There will be regular requirements to undertake field collections at farm sites within 1-2 hours of Belfast. These visits will provide a unique opportunity to engage with agricultural industries and key stakeholders of your project. While primarily based in Queen’s University Belfast, Northern Ireland, the student will also biannually visit their co-supervisor at the Aberystwyth University. While there, they will receive addition feedback, learn new techniques, and discuss how their results may be applied to the field settings of Wales.

The student will be trained in field site collection management (ecology) and subsequent molecular techniques (molecular biology). Geographical Information System methods will also be incorporated into the student training. The AU co-supervisor will provide training in skills associated will translational research.

Student profile:

This studentship is available only to individuals who are eligible for UK fees status. The project would be suitable for students with a 2:1 or higher degree in biology, ecology, agriculture or molecular biology, or other closely related subjects. The student should possess a strong background or interest in molecular biology and parasitology, and be prepared to undertake field site collections in agricultural settings. The student must hold or be eligible to hold, a Northern Ireland unrestricted driver’s license.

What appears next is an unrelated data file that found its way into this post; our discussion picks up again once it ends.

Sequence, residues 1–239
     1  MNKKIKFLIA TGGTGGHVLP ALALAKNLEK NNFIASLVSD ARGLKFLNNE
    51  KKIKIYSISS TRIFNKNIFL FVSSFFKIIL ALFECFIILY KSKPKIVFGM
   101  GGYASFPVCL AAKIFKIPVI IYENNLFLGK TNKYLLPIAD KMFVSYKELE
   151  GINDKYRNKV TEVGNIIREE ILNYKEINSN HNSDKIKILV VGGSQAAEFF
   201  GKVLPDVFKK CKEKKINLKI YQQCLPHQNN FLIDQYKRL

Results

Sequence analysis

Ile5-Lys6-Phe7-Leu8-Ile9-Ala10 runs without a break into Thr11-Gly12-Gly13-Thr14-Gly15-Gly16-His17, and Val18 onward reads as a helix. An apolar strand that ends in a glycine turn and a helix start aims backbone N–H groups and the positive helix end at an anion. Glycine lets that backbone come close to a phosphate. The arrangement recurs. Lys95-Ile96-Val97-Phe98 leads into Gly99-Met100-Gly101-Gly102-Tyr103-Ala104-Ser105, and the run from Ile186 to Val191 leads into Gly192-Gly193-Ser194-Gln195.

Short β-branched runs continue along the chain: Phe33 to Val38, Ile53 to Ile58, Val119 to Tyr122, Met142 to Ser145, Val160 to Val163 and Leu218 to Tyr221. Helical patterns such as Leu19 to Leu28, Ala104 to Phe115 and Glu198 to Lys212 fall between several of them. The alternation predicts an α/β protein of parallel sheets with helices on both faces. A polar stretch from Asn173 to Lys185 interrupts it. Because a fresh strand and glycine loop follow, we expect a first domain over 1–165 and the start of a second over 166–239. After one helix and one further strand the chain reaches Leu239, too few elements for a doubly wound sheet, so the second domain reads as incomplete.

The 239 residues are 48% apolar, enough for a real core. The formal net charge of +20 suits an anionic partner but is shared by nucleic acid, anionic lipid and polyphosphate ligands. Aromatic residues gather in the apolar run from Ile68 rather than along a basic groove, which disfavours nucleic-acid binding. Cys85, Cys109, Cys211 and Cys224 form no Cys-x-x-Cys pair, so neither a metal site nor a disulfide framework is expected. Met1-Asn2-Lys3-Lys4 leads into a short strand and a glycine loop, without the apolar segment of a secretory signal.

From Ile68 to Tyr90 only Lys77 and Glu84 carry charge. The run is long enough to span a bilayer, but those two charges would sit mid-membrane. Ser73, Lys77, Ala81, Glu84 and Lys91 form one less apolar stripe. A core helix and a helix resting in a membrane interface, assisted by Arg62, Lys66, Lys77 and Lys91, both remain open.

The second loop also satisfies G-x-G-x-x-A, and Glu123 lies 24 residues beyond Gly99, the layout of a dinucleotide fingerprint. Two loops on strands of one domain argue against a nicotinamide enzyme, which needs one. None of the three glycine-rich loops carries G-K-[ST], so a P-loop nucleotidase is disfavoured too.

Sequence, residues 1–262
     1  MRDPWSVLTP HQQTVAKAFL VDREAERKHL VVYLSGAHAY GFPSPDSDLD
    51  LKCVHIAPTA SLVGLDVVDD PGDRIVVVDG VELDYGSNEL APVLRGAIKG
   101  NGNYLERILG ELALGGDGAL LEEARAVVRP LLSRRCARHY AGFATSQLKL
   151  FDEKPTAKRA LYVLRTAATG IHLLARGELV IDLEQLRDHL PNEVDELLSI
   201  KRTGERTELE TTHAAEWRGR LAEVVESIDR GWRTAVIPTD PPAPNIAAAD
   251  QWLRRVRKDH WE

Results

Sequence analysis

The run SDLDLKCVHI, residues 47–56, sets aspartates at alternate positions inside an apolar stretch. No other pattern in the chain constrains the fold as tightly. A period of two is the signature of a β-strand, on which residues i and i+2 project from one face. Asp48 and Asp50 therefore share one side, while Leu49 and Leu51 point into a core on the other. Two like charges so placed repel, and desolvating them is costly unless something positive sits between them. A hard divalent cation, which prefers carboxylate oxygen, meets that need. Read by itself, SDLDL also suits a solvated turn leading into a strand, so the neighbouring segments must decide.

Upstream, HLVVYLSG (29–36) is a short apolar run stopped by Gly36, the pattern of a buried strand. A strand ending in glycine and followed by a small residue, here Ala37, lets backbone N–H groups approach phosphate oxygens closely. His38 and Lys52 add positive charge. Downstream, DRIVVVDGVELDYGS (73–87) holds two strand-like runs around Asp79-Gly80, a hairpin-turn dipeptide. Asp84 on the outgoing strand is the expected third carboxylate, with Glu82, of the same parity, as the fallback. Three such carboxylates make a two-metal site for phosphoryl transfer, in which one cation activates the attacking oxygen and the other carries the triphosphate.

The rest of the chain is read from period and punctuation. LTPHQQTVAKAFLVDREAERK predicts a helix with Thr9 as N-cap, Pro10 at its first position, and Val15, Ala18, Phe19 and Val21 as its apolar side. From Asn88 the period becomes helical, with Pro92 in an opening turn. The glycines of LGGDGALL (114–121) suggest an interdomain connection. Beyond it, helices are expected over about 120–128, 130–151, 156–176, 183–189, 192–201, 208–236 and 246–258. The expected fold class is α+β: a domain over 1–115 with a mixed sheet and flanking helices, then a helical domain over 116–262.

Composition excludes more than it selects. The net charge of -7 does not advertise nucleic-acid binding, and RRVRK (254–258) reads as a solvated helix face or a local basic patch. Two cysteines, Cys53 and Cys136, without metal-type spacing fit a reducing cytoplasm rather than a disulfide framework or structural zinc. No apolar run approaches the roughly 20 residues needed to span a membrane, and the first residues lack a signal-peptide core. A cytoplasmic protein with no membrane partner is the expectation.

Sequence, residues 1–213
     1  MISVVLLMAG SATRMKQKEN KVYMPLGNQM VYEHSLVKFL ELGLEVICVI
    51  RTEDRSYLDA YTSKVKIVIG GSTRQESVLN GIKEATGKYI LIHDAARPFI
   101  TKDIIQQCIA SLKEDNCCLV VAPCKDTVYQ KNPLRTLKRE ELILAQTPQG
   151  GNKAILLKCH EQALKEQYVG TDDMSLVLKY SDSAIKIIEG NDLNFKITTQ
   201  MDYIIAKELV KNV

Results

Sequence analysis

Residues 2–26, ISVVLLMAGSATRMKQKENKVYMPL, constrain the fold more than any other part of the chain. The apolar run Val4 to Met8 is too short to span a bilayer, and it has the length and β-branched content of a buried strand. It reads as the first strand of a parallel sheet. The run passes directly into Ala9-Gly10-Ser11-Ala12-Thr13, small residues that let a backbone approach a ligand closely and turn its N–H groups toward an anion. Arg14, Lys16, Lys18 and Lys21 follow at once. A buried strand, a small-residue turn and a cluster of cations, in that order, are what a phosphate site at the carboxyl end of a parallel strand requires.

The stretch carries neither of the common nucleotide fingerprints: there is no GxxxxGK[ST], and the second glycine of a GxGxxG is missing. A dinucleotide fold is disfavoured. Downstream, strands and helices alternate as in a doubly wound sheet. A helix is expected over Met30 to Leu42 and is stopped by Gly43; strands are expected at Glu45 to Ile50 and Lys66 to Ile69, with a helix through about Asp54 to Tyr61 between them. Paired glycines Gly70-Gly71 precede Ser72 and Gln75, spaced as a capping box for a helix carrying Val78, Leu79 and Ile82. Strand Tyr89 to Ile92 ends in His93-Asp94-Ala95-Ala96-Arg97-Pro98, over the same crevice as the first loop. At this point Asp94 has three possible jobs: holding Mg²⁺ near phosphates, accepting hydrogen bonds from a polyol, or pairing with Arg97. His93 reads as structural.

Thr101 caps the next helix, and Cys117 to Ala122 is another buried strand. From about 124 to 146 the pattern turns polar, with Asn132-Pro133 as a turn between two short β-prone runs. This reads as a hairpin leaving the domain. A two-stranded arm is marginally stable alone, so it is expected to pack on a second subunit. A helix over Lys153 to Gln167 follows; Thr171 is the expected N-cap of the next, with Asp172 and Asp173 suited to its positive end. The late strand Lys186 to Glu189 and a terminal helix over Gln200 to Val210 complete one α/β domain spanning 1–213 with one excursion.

Equality Diversity and Inclusion:

The FoodBioSystems DTP is committed to equality, diversity and inclusion (EDI), to building a doctoral researcher (DR) and staff body that reflects the diversity of society, and to encourage applications from under-represented and disadvantaged groups. Our actions to promote diversity and inclusion are detailed on the FoodBioSystemsDTP website.

In accordance with UKRI guidelines, our studentships are offered on a part time basis in addition to full time registration. The minimum registration is 50% FT and the studentship end date will be extended to reflect the part-time registration.

How to Apply

Please do not send CVs to the FoodBioSystems Office. Applications will be by an online application form only and the Selection Panel will not see any CVs. The application closing date is 13 June 2022 (10.00 am BST). Before you decide to apply, please go to the FoodBioSystems website to see guidance to applicants, information on academic and funding eligibility and language proficiency.

We will be holding an online information meeting for applicants on 31 May. More information and joining instructions will be shared on the FoodBioSystems website.


Funding Notes

FoodBioSystems DTP students receive an annual tax free stipend (salary) that is paid in instalments throughout the year. For 2022/23 this will be £16,062 and this will increase slightly each year at rate set by UKRI.
For up to date information on funding eligibility, studentship rates and part time registration, please visit the FoodBioSystems website.

References

• Davis C et al (2020) Rapid detection of Galba truncatula in water sources on pasture-land using loop-mediated isothermal amplification for control of trematode infections Parasite & Vectors 13, 496.
• Jones R et al (2018) Detection of Galba truncatula, Fasciola hepatica and Calicophoron daubneyi environmental DNA within water sources on pasture land, a future tool for fluke control? Parasites & Vectors 11: 342.